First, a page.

Last Updated on February 20, 2023 by lukesguide
Non-Compete Agreements mean very different things to buyers and sellers.
On the buyer side, you have someone who is looking to preserve the value of their newly purchased business by restricting the previous owner from competing with them.
On the seller side, you have an individual being told that they cannot start a new business or work for another business that is similar to the one that they have just sold.
When it comes to Non-Compete Agreements, the stakes are high for both buyers and sellers so each party must understand what entering into a Non-Compete Agreement means for them.
In this article, we will explain:
- what Non-Compete Agreements are;
- the purpose of Non-Compete Agreements;
- when you might need a Non-Compete Agreement;
- the key elements of a Non-Compete Agreement; and
- the enforceability of Non-Compete Agreements.
In the context of an online business sale, a Non-Compete Agreement is a legally binding, written agreement between a buyer and a seller that formalizes certain restrictions to be imposed on an outgoing seller to not compete with the business that they have just sold.
The buyer of a business will usually look to impose a restraint on the former owner of the business for two reasons:
- the previous owner will have acquired commercially sensitive and confidential information about the business; and
- the previous owner will have developed significant relationships with the customers/clients and key suppliers of the business.
Without a carefully drafted Non-Compete Agreement in place, the buyer of the business is taking a huge risk.
Not having a Non-Compete Agreement potentially allows the previous owner to set up a competing business and use their in-depth knowledge of the business to gain a competitive advantage.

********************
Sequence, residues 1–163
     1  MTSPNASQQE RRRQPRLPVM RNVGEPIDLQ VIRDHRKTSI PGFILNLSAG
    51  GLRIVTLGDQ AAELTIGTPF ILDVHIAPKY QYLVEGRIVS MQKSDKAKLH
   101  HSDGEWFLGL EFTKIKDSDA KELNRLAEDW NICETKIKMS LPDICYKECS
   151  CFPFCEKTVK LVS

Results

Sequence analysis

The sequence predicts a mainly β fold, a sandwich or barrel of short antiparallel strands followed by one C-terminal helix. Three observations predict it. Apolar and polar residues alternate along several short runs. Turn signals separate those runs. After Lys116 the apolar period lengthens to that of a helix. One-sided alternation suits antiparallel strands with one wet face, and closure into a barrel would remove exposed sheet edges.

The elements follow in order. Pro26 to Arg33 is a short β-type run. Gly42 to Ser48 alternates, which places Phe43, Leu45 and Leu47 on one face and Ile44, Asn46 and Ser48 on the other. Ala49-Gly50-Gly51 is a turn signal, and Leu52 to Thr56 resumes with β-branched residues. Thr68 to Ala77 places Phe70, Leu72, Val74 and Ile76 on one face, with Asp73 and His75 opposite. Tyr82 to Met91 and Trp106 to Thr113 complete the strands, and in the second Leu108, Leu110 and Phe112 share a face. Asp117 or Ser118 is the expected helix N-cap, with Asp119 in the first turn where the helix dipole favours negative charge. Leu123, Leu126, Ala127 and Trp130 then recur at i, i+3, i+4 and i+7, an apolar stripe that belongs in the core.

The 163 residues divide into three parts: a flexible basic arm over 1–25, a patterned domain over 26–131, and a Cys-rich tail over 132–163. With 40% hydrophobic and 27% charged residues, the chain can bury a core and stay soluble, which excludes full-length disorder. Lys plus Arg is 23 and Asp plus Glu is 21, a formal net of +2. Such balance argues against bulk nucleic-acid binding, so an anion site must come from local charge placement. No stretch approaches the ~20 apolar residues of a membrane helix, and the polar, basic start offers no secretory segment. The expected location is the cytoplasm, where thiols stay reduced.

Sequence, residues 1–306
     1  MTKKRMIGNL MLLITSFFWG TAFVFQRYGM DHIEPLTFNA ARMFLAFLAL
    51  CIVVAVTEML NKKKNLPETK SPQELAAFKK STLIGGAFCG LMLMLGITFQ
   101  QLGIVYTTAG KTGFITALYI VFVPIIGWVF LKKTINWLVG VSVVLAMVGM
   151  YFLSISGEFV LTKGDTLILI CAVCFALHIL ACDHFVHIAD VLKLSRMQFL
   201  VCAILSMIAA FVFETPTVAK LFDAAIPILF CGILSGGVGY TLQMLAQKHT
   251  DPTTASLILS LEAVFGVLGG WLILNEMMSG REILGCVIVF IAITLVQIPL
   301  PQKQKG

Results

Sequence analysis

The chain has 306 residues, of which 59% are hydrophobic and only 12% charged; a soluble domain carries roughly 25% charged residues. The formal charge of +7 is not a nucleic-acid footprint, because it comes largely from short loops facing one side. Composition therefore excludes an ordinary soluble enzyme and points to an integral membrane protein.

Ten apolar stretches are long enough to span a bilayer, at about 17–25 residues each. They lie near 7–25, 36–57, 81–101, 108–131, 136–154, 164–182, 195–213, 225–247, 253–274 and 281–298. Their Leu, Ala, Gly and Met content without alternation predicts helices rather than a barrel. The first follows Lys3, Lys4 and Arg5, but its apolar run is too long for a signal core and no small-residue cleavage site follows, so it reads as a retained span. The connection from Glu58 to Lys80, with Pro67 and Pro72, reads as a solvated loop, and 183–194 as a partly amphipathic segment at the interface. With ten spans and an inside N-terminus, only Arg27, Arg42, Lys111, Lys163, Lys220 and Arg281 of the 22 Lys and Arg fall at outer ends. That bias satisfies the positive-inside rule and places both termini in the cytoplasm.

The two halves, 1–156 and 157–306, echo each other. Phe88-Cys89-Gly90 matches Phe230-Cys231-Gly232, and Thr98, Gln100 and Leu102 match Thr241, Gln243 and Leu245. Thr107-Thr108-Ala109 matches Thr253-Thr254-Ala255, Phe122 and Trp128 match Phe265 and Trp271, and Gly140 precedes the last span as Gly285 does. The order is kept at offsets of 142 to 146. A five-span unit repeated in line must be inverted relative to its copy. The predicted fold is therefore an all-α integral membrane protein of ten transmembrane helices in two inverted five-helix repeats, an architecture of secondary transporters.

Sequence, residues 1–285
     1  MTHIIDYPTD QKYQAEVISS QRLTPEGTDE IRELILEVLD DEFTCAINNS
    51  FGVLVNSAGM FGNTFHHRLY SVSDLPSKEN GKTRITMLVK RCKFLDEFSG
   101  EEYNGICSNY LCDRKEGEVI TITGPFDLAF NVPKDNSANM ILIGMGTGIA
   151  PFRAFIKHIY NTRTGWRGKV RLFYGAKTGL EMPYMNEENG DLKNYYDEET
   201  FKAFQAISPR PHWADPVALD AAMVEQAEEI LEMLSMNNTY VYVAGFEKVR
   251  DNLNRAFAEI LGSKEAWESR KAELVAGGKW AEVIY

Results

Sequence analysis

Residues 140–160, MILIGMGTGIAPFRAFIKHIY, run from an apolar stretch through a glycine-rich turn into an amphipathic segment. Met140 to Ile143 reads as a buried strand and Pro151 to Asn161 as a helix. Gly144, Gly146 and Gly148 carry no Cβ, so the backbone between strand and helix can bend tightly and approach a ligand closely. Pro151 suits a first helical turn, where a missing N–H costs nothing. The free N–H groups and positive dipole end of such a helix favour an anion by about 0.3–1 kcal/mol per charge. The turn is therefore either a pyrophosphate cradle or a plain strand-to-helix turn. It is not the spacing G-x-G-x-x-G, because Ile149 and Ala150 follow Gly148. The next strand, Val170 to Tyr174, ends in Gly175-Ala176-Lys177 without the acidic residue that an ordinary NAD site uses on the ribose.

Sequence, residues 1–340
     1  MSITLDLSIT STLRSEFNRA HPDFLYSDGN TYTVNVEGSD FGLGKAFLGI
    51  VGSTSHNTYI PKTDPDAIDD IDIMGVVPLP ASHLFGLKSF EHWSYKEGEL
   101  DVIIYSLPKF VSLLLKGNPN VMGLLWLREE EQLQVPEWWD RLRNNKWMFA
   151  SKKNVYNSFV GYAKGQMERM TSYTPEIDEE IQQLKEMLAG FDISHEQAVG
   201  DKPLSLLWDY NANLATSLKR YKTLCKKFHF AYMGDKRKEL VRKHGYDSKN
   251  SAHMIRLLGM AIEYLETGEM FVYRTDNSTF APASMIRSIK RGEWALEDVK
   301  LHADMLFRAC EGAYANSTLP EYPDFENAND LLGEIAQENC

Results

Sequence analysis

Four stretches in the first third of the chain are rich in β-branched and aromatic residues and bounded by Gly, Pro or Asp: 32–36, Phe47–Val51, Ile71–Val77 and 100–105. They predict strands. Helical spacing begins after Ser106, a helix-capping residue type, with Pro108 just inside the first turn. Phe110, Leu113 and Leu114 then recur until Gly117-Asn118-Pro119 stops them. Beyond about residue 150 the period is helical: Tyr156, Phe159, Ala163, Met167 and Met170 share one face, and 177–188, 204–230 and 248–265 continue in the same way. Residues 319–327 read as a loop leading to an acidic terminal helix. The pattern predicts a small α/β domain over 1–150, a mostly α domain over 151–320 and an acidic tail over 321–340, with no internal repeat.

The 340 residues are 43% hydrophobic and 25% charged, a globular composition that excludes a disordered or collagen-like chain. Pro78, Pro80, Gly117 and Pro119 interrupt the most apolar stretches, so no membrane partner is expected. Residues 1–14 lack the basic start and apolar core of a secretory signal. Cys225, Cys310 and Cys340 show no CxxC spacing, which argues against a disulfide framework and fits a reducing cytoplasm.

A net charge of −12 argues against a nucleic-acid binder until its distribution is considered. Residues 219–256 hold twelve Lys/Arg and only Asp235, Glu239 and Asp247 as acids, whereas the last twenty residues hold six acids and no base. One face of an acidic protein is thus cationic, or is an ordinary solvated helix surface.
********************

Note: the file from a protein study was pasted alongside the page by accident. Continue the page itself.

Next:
While a standalone Non-Compete Agreement is common in the context of a business sale, it is also possible to incorporate a covenant not to compete directly into an Asset Purchase Agreement.
The main purpose of a Non-Compete Agreement is to protect the legitimate business interests of an incoming buyer of a business by preserving the value of goodwill and assets of the business such as its intellectual property, know-how, trade secrets, etc.
In most cases, by signing a Non-Compete Agreement, the seller is assuring the buyer of the business that after the sale they:
- are not going to take the buyer’s money and then go set up a new business that competes with the business they just sold;
- will not accept a role (in any capacity) with a competing business or start working for a competitor;
- will not try to entice their former employees to join them at a competing business;
- will not divulge any sensitive business information to a competitor or other third party (without the permission of the buyer);
- will not otherwise do or say anything that would be harmful to the business or its reputation.
While the main purpose of a Non-Compete Agreement is to protect the interests of the buyer, the covenant not to compete should not be overly restrictive on the seller as this could make the Non-Compete Agreement difficult to enforce.
Non-Compete Agreements may be required in many situations.
We have already covered why a Non-Compete Agreement would be used in the context of a business sale but Non-Compete Agreements may also be used by former employers (to stop an employee from going to work for a competitor) or as part of joint venture arrangements.
Let’s look at both situations in some more detail.
A former employer may use a Non-Compete Agreement to prevent a former employee:
- from working for a competitor;
- starting a business that is the same or substantially the same;
- using trade secrets to develop competing products or services; and
- soliciting former colleagues to move across to a competing business.